Well I just randomly picked some books from my book case to share. The first book "On The Sunny Side" by Carl Larsson is a new book I just got and love it. I have most of his books but had not seen this one before. I really love it because I felt it gave the biggest insight into Carl Larsson and his life. Of course it is quiet beautiful.
"This is the last in the series of books put out by Carl Larsson (1853-1919) about his family and his home. The children are not all that has grown since the appearance of the first book in the series. Some of them are no longer part of the household and the home itself has been steadily altered. And a new household in Falun has been added to accommodate schooling for the children in that larger town.
Ahh the Opheia books by Michele Durkon Clise. I have all of them and cherish them. I feel like Opheia is my other half. She lives well, gives well and thinks a tea party, chocolate and vintage lace is the answer to world peace !!
"Opheia B. Clise is a lovable bear who runs a shop called the Bazaar des Bears on Paris's rue de Bac. This book is a lavishly illustrated journal she keeps for one adventure-filled year. Ophelia adores chocolate, antiques, lace, flowers and champagne. Most of all she adores her friends, a group of bears every bit as eccentric and appealing as Ophelia herself."
Aunt Martha's Corner Cupoard by Mary and Elizabeth Kirby. Is stories about Tea, Coffie, sugar, rice, ect. A charming way to learn history. My copy does not have a publishing date but it is old.
"Fathers Big Improvments" by Caroline Emerson. Father falls for every new item on the market. Mother can't stand it, the kids think it's hilarious. We enjoyed reading the funny happenings in the Mitchell family.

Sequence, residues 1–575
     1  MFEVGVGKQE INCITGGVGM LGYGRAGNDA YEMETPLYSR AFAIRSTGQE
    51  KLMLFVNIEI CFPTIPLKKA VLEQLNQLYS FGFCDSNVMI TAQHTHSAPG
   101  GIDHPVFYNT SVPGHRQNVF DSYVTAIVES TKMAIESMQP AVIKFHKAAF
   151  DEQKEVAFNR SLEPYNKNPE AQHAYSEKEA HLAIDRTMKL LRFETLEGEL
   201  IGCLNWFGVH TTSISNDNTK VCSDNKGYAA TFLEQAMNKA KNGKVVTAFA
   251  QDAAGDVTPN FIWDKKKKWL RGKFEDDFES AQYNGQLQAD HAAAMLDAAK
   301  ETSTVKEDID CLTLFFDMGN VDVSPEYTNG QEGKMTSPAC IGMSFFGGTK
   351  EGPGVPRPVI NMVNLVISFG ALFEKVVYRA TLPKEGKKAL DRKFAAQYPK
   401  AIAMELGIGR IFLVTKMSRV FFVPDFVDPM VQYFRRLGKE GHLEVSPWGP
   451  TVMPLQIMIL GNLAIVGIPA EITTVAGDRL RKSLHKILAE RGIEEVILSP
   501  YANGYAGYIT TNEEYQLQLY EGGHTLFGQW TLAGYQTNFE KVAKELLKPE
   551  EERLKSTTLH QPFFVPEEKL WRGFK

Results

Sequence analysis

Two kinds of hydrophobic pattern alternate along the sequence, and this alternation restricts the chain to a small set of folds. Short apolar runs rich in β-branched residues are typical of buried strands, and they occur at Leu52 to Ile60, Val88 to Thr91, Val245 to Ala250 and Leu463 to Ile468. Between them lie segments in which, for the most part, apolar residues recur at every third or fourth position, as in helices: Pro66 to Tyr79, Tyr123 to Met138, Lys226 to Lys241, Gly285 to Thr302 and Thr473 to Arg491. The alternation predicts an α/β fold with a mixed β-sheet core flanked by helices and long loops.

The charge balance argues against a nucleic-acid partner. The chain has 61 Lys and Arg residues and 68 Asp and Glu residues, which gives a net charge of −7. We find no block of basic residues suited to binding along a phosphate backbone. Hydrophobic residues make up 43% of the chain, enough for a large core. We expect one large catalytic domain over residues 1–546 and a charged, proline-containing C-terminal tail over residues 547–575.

The Magic Of Provenceby Yvone Lenard
This is an enchanting book, with tales of the duchess on the hilltop, the prince who came to call, the housekeeper who didn't clean, and the hollyhocks that bloom throughout the village. Each chapter concludes with a delectable recipe so the reader can share part of the experience of life in Provence.
Pruneaux au Rhum (Prunes in Rum: a variation on the Confiture de Vieux Garçon)
This version of the Confiture uses dried prunes, so you can make it any time of the year. The method is different here, because dried fruit must first be plumped in hot liquid, otherwise they'll harden and shrivel in alcohol.
Use large, pitted prunes. Place them in a bowl. Pour enough strong, hot, well-sweetened tea to cover. Let stand, covered, overnight, unrefrigerated.
By next day, most of the tea will have been absorbed. Pour out any leftover liquid. Place prunes in jar and pour enough dark rum to cover. Close with lid.
Your pruneaux will be ready to eat in three days. They will keep for months in a cool, dark place.
You can serve the pruneaux in brandy snifters, with coffee. You can also serve them with ice cream or in pastries.
Note: In the southwest of France, Armagnac is used, and Pruneaux a l'Armagnac are a specialty of the city of Agen.